Tragic Love Stories

Yet another Valentine’s Day looms beneath the horizon, and for some of us, the fatal sunrise will mark nineteen years of loneliness. Or, conversely, nineteen years spent dedicated to one’s own well-being. Whatever the case, whether you adore the saint’s sanctified holiday, or you abhor Cupid’s copy and pasted face plastered all over the walls, everyone loves a good, tragic love story. With romance for the saps and calamity for the skeptics, these stories are sure to throw some feelings your way tomorrow while curled up on the couch.


Romeo and Juliet

I know, I know. But I promised tragedy, and there are many people who would be upset if these star-crossed lovers did not make the list. So, let’s knock them out early and get to the meat of the literary canon.

Wuthering Heights

Ah, poor Heathcliff and Cathy. Forever doomed to roam the moors together after death, haunting one another for eternity, they would have it no other way. But let’s get real, Edgar Linton suffers the real loss in this novel. Forever unresolved, his love story rests in the ground near his corpse—albeit, blocked by Heathcliff’s, naturally.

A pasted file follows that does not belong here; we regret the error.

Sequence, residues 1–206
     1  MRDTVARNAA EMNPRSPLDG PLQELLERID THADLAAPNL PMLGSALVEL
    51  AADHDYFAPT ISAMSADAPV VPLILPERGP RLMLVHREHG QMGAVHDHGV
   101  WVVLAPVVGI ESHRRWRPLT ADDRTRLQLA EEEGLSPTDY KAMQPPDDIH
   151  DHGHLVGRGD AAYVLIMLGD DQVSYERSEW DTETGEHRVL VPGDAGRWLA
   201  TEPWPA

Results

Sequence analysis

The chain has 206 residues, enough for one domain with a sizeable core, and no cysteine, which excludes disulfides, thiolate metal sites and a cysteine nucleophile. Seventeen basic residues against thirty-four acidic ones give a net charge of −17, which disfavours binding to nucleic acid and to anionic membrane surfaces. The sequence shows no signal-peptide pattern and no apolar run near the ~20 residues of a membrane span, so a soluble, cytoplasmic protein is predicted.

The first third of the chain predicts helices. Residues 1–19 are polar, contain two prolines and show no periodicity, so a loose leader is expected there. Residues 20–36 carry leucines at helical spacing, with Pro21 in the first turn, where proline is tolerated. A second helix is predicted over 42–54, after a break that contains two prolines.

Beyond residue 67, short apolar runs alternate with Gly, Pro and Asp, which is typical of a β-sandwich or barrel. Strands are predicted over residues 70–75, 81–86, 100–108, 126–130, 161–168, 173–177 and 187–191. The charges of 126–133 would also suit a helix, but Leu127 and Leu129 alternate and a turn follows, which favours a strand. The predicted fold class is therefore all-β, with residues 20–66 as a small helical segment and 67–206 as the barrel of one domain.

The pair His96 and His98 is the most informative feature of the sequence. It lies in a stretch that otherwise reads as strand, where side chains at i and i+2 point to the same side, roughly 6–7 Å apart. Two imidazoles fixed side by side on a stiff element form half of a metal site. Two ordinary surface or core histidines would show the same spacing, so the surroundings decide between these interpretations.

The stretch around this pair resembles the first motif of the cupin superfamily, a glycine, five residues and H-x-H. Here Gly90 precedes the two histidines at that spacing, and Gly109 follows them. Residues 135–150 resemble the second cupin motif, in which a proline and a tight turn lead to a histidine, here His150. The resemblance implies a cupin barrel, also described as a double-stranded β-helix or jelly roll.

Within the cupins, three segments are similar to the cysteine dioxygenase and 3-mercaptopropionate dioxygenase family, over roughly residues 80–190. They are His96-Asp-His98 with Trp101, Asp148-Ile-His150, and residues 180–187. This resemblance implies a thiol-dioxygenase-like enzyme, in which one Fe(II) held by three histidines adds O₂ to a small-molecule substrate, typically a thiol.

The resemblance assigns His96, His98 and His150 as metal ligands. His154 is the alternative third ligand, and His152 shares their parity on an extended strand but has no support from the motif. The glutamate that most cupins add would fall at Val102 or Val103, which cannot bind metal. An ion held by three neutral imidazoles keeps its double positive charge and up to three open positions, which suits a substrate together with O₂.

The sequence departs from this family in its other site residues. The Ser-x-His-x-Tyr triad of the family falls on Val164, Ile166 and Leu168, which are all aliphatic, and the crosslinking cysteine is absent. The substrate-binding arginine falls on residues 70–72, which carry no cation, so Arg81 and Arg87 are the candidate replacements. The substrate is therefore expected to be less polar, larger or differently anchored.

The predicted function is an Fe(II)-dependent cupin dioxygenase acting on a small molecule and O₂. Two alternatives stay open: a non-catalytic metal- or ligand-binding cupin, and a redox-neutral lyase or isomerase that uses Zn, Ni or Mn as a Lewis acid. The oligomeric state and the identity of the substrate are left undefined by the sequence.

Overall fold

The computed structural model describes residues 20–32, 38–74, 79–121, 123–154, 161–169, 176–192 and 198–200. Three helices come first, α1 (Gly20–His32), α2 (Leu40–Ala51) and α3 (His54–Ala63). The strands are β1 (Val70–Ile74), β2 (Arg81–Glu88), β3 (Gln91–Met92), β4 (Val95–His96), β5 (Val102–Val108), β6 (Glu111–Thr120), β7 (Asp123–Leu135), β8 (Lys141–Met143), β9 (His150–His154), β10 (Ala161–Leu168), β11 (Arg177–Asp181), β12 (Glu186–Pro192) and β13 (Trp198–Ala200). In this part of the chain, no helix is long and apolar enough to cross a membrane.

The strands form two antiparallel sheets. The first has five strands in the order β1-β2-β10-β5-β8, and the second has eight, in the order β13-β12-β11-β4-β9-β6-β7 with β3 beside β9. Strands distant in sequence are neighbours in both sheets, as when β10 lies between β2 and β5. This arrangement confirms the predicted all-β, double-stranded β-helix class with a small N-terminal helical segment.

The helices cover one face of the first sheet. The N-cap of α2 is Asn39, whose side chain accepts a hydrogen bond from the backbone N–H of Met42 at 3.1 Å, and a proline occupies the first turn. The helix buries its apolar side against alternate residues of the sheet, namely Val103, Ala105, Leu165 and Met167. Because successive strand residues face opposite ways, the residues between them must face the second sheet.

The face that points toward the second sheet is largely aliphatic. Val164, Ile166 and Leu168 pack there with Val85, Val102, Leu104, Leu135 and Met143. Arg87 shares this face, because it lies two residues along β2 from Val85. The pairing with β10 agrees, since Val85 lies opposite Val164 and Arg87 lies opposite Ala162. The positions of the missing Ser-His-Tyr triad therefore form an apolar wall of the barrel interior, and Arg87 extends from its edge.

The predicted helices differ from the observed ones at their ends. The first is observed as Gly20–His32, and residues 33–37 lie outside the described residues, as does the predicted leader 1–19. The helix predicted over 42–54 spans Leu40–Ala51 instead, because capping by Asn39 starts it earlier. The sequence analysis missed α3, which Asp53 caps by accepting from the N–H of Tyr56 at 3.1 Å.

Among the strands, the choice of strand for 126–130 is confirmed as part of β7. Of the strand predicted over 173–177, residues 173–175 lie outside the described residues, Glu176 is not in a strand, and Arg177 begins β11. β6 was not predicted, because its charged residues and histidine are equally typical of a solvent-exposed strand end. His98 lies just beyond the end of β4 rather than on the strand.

There are more kinds of love than romantic, and Toni Morrison’s exploration of the lingering effects of generations worth of repression explores them all. Happiness exists within Beloved’s pages as fleeting moments designed to fall apart, and the most tragic moment is when the reader realizes the story ends precisely where it starts.

The Bell Jar

Not a typical novel to appear on such a list, but the number one goal of Valentine’s Day in these times is to avoid being basic. So, we turn to Sylvia Plath, of course. The Bell Jar chronicles one girl’s journey of self-discovery while trapped inside the confines of her own mind. Less a love about romance (although there is a little), and more about learning to love one’s self, the weight of Esther’s opinions about humanity and her place within it is enough to break anyone’s heart.

Orpheus and Eurydice

Perhaps the original why-did-you-do-that-it-could-have-been-so-simple love story, our favorite musician Orpheus descend into the depths of the underworld to retrieve his beloved wife against all odds. Charming the beasts that inhabit the world beyond, not to mention the immortal god Hades and his temporal bride, Eurydice was granted re-entry into the realm of the living. Orpheus had one job: to not turn around. That’s all, and he could have had eternal happiness. Instead, he wanders the woods alone until a crazed fandom of nymphs tears his eyes out.